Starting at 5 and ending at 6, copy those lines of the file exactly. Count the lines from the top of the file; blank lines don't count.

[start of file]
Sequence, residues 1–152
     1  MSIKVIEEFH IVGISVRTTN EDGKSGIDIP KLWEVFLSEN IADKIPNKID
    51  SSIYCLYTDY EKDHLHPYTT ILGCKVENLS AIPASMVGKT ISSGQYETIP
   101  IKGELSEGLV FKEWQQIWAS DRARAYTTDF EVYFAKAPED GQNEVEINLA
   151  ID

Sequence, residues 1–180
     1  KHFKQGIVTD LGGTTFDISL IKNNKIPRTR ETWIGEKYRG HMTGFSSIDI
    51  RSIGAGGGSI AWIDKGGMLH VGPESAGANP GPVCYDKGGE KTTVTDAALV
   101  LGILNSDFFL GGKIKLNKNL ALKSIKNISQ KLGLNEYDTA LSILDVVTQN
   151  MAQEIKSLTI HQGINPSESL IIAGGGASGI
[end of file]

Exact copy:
   151  ID

Sequence, residues 1–180